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Rocket Engine, Liquid Fuel, XLR-11


Display Status:

This object is not on display at the National Air and Space Museum. It is either on loan or in storage.

Collection Item Summary:

This is the XLR-11, also called the 6000C-4, one of the most widely used U.S. liquid-propellant rocket engines that powered the Bell X-1 and other rocket research aircraft. Developed by Reaction Motors, Inc. in 1945, it produced a maximum thrust of 6,000 pounds from its four combustion chambers. The engine's most famous application was powering the X-1, the first plane to reach the speed of sound on 14 October 1947.

It was also used in the X-1A, X-1B, X-1D, X-1E, Douglas D-558-1 Skyrocket, and XF-91. Two tandem 6000C-4's served as the Interim Engine for the X-15 from 1960-1961, and it also powered several NASA Lifting Bodies (the HL-10, MS-F3, X-24A, and X-24B). This object was donated to the Smithsonian in 1952 by Reaction Motors, Inc.

Collection Item Long Description:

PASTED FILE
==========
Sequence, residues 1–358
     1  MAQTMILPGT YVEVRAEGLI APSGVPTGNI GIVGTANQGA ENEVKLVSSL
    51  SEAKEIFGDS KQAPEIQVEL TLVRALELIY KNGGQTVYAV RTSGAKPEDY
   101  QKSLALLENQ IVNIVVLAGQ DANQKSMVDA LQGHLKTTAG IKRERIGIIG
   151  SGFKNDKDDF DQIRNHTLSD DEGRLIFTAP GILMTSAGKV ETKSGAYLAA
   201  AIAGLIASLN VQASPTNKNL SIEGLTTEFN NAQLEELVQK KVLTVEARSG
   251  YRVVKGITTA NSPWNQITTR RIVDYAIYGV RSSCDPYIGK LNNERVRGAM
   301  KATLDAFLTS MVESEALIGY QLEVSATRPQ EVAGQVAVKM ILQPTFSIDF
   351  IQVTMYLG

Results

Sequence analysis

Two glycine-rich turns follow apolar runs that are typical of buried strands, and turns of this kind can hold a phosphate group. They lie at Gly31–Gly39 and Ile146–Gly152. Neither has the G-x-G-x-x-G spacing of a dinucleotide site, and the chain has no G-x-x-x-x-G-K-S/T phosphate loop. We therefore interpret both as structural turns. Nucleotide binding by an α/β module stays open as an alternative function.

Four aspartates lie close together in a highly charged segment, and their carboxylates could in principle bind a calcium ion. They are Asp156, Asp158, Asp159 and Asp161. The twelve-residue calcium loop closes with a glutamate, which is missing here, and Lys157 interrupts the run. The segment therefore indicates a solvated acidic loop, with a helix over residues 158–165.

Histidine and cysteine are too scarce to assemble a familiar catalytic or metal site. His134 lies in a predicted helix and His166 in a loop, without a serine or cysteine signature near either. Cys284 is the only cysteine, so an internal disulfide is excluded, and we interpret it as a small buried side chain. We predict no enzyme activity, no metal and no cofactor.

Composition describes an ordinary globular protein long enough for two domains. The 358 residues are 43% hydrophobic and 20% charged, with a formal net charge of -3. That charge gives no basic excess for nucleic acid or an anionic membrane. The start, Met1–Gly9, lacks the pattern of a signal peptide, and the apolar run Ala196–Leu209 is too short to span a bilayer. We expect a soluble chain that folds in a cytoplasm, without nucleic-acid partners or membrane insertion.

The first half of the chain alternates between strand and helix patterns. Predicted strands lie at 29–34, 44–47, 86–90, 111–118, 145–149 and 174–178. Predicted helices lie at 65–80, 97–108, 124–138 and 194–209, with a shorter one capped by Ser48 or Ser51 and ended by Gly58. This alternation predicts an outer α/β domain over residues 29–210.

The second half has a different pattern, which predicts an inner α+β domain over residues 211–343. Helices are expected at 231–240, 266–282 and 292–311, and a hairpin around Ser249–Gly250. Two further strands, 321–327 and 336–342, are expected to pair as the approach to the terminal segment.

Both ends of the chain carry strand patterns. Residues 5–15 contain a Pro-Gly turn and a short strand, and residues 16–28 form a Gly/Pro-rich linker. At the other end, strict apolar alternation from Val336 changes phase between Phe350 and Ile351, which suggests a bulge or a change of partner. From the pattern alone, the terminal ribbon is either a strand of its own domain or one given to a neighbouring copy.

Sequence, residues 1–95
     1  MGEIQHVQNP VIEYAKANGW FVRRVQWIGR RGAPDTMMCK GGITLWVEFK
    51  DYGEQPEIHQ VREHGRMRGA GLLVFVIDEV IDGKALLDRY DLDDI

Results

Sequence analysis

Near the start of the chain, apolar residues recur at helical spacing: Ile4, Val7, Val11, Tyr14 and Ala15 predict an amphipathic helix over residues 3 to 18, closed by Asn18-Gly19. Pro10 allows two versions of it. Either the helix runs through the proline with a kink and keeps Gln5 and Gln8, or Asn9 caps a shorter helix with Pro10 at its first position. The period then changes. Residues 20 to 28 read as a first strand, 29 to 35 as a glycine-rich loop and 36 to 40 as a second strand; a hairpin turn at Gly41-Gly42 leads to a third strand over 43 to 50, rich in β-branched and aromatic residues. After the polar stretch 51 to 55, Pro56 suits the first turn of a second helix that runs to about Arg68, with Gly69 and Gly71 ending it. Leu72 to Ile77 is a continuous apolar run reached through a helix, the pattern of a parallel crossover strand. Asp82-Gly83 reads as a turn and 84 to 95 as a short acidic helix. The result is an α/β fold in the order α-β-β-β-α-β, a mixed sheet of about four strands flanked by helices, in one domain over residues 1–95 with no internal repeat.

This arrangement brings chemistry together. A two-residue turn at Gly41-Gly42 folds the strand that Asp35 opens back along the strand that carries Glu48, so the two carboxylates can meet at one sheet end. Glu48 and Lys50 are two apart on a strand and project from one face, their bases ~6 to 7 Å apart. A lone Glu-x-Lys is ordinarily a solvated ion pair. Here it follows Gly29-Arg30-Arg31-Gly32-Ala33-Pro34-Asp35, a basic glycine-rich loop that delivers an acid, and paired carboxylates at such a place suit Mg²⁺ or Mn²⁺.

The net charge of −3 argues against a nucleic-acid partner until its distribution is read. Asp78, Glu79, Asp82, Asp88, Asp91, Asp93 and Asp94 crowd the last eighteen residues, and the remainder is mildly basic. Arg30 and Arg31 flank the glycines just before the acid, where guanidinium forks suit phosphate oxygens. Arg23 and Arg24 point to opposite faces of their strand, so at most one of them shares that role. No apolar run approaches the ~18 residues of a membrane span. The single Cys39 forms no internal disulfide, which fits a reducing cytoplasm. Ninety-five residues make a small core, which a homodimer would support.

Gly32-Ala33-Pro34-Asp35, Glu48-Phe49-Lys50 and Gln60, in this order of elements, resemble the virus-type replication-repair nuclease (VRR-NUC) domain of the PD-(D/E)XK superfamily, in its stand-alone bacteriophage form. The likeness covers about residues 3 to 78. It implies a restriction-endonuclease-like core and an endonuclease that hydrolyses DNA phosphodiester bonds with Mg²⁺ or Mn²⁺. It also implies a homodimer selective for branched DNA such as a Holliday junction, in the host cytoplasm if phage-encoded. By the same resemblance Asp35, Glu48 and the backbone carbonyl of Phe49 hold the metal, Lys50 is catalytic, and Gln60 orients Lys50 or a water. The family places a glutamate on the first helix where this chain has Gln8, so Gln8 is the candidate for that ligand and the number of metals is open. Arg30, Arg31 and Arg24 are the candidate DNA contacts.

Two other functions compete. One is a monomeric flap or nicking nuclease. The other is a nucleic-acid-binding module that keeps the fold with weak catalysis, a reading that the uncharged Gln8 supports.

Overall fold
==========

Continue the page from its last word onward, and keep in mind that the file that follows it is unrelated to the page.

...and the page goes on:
Data Source

National Air and Space Museum


Do not reproduce without permission from the Smithsonian Institution, National Air and Space Museum


Credit Line

Reaction Motors, Inc.


Overall Steel, Adhesive, Synthetic Fabric, Stainless Fabric, Copper, Aluminum, Paint, Stainless Steel, Brass


  • Overall: 24 × 56 1/2 in., 210lb. (61 × 143.5cm, 95.3kg)
  • Storage (Artex Crate): 91.4 × 177.8 × 91.4cm (36 × 70 × 36 in.)
  • Approximate (Weighed with Stand): 182.3kg (402lb.)

Country of Origin

United States of America


ca. 1945-1953


PROPULSION-Rocket Engines

Inventory Number


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